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What’s so funny?

Kathleen A. Llemit



Apparently, a lot of moviegoers like Michael V’s directorial piece, Family History.

Reports say that his family drama grossed P3 million on its opening day on 24 July.

Michael V, also known as Bitoy, is not only the director of the movie, he also wrote its story and one of its official soundtracks, “Ayoko Na,” which his daughter, Brianna, sang.

He also did the storyboard used in the film. He co-produced it with the returning GMA Pictures, with his wife, Carol, and their company, MicTest Entertainment. And, best of all, he stars in it.

KAPUSO comedy genius Michael V.

The multi-hyphenate has said in earlier interviews that Family History is a family drama, but there will be parts of comedy in there. It’s not surprising for him to inject his brand of humor, after all; it’s what made him famous for more than two decades in show business.

The story revolves around his family. Alex (Michael V) is married to May (Dawn Zulueta).

They have a son named Malix (Miguel Tanfelix) who is in a relationship with his schoolmate, Jenna (Bianca Umali).

The first scene already attempts to set the tone of the movie. While the couple is preparing to go to bed, May tries to strike a conversation with Alex. Instead, she is greeted with, “Good night,” and an oblivious Alex snores the night away, leaving May wide awake and seemingly pondering. As a viewer, one would get an inkling of what’s going to happen next.
This scene will be repeated in another sequence.

Michael V and Dawn Zulueta as husband and wife Alex and May.

Like any other family, theirs is not perfect. Due to his job as an animator, Alex keeps a tight schedule. This affects his family life. One day, his wife is stricken with a serious health condition.

Sickness, they say, brings out the best and worst in any situation, and in the case of Alex and May’s marriage, it does both.

Secrets revealed provide much of the drama in the film. As such, one would wonder, if one of the main casts falls ill, where does humor come in? Does it come sparingly, like nuggets of wisdom uttered as punchlines and ends in a bittersweet note just like most melancholic dramas?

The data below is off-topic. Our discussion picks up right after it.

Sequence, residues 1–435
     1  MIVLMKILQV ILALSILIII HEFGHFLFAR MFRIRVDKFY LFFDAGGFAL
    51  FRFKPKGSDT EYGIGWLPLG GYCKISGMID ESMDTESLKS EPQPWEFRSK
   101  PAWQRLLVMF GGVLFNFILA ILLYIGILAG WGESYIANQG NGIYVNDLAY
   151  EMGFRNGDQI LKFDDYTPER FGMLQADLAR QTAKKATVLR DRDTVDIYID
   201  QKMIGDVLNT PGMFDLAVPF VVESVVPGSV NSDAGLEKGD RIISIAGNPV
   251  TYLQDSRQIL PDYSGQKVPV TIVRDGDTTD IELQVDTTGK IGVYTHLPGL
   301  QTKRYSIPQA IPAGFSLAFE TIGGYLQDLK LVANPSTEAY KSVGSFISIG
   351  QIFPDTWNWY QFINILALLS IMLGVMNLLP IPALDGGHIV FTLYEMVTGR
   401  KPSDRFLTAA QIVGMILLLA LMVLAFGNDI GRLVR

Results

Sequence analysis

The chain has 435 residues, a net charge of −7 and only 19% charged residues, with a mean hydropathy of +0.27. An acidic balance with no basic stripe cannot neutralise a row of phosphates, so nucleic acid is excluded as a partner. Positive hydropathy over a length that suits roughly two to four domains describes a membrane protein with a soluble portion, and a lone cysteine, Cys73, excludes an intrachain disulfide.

Alas, no. Michael V tries to stretch it to more than a punch line.

There’s one phrase (it has a very contextual nature and it will be handy that adults are equipped to explain to young minds if the occasion arises) that he uses again in an incredulous moment.

Miguel Tanfelix and Bianca Umali are Malix and Jenna.

It is supposed to be a climactic scene where revelations unfold. When this happens, viewers are supposed to emphatize and piece things together with the characters. But as one other viewer notes, the injection of that phrase is anti-climactic; it sort of creates the confusion of what’s happening.

Family History is a non-linear narrative. The story is pieced together by presenting the stories of the characters and their points of view. Perhaps Michael V wanted to give viewers a more intimate look at their thoughts and feelings, without passing judgment.

The movie is a family drama with sprinkles of laughter in between. It has its flaws like its characters, but if one likes to watch a family drama injected with a certain type of humor, then Family History may be right up their alley.